Writing and Editing
If you have identified your audience, and you know what problem you are trying to help them solve, then it remains only to “put the right words in the right order.” Of course, this is the challenge, and it’s more work than most people imagine.
This chapter provides a relatively detailed description of the writing-editing-revision cycle we expect your book to go through.
Working with Your Editor
At many other publishing houses, your proposal is evaluated and your contract is negotiated by an “acquisitions editor,” who also calls you from time to time to inquire about progress, and perhaps even takes you out to lunch–but never does any actual editing. When your manuscript is complete, it is edited (copyedited, really) by someone you’ve never met. The job of delivering a satisfactory manuscript is left entirely up to you. (One of our competitors confided that only about 30% of the books they sign are actually delivered by the authors.)
The last thing we want to see from you is a completed manuscript. That’s right: the last thing. After your proposal; the next thing we want to see is a sample chapter, which your editor will read very carefully. (By the way, if you aren’t sure about which tools you want to use to write the book or you have questions about how to use them, see Chapter Two.) You’ll get back detailed comments about your style and approach, questions about the technology you’re describing, and recommendations for how to improve your work.
If the comments are light, you might then go right on to the next chapter. But if there are significant problems, you may be expected to rewrite the chapter–perhaps several times–until you and the editor are both satisfied.
Here are some of the things the editor will be looking for:
Does the chapter tell the reader what he or she needs to know? Is it accurate, complete, and useful? In sum, does it work?
Is the treatment appropriate to the audience? If it assumes prior knowledge, does it tell the reader clearly about those assumptions?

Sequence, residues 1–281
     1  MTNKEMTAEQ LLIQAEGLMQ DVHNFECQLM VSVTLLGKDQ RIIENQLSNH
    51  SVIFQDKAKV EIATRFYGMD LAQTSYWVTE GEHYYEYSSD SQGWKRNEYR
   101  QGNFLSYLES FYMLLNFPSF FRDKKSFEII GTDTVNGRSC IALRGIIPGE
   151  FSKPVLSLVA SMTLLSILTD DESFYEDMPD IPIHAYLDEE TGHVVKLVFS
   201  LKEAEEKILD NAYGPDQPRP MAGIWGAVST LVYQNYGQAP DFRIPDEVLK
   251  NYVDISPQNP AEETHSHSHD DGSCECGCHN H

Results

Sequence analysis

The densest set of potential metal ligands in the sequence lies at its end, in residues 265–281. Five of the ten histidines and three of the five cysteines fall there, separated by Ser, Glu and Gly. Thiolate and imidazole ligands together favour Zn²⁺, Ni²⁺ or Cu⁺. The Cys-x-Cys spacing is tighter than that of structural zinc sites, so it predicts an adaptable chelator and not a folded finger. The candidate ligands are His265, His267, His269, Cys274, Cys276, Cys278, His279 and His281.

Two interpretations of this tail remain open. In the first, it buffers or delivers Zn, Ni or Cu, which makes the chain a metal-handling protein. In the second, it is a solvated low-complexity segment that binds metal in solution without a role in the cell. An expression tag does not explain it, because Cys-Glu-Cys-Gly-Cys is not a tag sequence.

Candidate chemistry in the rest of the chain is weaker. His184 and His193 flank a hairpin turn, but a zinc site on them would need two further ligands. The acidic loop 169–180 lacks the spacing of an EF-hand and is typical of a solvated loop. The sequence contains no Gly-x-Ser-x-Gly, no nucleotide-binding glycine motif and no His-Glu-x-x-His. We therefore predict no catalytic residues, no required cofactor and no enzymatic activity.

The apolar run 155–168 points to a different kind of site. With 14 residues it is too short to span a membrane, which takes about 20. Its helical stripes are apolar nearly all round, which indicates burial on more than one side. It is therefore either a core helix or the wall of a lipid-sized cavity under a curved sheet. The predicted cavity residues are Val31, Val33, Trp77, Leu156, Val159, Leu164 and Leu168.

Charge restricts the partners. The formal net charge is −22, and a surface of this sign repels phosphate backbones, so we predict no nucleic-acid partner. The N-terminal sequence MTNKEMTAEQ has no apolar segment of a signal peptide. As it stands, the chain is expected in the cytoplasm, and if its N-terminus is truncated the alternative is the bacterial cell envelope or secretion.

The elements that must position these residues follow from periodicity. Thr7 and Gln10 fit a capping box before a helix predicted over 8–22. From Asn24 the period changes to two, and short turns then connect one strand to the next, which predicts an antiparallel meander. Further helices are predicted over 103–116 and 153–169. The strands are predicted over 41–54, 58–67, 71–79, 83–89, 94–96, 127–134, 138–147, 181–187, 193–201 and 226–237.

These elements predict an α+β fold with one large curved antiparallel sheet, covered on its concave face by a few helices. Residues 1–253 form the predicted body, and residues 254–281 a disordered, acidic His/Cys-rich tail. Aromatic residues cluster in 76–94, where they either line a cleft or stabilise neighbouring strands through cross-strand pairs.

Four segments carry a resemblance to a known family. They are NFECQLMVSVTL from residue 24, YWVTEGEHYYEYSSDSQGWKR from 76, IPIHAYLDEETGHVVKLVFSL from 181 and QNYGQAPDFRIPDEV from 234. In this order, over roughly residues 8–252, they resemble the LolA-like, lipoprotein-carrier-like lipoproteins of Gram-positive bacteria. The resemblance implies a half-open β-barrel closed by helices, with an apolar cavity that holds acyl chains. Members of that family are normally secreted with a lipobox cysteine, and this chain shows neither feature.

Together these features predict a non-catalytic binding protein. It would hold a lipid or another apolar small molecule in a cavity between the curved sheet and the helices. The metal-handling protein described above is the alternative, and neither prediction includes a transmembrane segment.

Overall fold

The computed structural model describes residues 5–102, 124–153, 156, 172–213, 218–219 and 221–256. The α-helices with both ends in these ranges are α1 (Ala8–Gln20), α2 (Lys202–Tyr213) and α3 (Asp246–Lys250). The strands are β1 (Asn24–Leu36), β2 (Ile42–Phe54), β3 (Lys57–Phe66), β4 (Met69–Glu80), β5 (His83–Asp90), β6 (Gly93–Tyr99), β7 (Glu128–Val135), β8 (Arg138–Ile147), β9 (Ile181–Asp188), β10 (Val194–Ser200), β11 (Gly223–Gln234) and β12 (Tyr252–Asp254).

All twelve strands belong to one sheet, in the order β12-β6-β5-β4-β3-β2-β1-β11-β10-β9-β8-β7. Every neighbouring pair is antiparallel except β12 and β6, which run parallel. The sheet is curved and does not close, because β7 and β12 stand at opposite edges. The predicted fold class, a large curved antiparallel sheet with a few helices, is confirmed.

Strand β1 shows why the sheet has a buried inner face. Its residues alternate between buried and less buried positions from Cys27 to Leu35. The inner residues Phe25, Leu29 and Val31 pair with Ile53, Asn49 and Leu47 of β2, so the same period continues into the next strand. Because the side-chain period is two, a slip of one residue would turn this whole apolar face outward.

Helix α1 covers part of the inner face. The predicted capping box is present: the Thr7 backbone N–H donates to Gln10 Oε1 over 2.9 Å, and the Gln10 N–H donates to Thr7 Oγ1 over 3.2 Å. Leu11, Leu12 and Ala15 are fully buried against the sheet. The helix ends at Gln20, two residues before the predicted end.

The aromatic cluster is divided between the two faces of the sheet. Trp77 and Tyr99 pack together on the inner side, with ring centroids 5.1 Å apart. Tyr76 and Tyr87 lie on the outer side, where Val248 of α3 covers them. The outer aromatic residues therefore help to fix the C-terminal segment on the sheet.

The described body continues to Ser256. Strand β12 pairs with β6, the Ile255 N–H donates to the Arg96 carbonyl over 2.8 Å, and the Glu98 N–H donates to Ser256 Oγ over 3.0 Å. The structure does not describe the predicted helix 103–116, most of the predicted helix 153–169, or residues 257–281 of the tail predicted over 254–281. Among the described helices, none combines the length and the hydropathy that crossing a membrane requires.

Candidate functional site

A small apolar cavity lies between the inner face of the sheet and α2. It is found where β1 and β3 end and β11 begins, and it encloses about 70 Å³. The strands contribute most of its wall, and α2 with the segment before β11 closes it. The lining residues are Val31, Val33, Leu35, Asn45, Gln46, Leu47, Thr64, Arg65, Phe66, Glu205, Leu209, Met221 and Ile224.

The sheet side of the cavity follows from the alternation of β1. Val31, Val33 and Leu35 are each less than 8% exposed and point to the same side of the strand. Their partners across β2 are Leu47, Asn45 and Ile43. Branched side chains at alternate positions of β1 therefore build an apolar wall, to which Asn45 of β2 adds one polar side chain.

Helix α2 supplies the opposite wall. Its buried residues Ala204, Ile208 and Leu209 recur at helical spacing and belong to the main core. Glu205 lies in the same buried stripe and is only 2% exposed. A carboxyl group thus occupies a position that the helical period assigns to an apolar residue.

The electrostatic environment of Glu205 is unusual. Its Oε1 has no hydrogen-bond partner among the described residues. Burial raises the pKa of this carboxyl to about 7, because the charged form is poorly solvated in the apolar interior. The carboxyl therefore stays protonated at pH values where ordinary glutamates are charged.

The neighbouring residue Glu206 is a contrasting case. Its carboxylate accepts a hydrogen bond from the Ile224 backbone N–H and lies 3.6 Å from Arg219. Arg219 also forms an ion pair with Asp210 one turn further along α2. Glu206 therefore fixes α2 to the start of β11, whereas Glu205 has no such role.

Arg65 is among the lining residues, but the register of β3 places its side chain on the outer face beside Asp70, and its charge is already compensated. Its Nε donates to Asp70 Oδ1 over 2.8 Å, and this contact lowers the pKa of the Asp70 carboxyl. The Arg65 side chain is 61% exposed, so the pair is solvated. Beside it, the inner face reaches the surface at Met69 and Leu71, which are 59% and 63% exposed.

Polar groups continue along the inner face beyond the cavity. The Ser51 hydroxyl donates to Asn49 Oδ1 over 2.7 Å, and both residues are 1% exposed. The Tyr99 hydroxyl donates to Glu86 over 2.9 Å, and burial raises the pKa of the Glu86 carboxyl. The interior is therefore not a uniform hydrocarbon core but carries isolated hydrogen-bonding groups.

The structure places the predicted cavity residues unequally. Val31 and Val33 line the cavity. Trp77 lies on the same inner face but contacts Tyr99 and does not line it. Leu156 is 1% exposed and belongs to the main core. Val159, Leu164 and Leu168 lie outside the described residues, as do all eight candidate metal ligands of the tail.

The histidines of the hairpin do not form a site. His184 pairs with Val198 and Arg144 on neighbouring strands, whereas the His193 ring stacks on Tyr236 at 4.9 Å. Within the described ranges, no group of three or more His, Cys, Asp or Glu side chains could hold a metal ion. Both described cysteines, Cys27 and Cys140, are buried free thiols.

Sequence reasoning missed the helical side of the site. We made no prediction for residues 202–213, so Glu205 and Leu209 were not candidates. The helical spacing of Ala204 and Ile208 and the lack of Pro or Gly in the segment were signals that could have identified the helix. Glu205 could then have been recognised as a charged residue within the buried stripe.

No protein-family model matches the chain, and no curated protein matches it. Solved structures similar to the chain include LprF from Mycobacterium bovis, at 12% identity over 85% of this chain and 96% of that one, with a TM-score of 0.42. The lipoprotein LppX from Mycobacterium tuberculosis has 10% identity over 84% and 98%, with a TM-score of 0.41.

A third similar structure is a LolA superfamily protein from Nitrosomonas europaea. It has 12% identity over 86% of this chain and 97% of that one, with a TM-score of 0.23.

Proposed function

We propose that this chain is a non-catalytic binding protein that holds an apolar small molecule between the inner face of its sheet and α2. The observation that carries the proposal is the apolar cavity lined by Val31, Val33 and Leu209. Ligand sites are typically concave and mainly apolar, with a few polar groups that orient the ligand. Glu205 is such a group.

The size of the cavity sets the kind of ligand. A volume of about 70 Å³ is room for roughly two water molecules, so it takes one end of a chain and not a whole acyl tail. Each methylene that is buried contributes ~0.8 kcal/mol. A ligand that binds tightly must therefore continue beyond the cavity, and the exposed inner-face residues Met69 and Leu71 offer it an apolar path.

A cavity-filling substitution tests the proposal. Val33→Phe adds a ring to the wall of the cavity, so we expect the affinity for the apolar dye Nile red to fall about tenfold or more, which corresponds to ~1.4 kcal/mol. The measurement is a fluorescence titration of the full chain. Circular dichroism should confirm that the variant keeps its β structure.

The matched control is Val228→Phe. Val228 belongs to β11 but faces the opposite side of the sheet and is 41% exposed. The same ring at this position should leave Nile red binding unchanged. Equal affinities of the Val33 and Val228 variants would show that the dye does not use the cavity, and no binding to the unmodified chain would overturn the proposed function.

How readable is the chapter? In a well-written book, the words seem to disappear, and the reader is gripped directly by the concepts. In a poorly-written book, the words are an obstacle; comprehension is slow and painful. In short, the book must be engaging and interesting. (To a technical reader, of course, “interesting” most often means: tells me what I need to know as efficiently as possible.)
How well organized is the chapter? One of the nicest things a customer ever said about one of our books was: “Every time I had a question, the answer was in the next paragraph.” If the author has done the work of thinking through the subject, and puts everything in the right order, the reader finds even difficult concepts easy to understand. Proper organization may mean eliminating unnecessary detail, clarifying assumptions, or identifying the most direct “flow” through the required information.
Does the chapter make good use of figures, tables, and examples? Many authors have a tendency to leave figures to the last minute, which generally means that they are fewer and of poorer quality than if they’d been developed as an integral part of the presentation. Figures typically are screen dumps (which should be made from working examples) or line drawings. Line drawings can be simple pencil sketches, or can be developed using computer tools, if you like. Our graphics department will most likely redraft them in any case.
Are there alternate ways to present material more effectively? For example, a topic that is interesting but breaks the flow of the narrative might be recast as a sidebar.
Are there common grammatical mistakes that can be caught early (so they don’t need to be fixed later on by a copy editor)? Are there infelicities of style that the author should be vigilant against?
Does the chapter use its terminology consistently? The editor will teach you “style sheet” techniques used by copy editors that will help you to remember how you’ve used various terms.
Obviously, in order for the editor to make these determinations, the chapter needs to be a substantial one–or perhaps the job might require several chapters, if your book includes several different types of material (such as tutorial and reference sections in the same book). At any rate, you would be advised to tackle some of the most difficult material first, so that you can work out problems early.
Be sure to revisit your schedule after you have some actual writing under your belt. You may find the version submitted with your proposal to be hopelessly optimistic or right on target. In either case, you should take the time to re-evaluate it, so we can schedule the book “rollout” more effectively.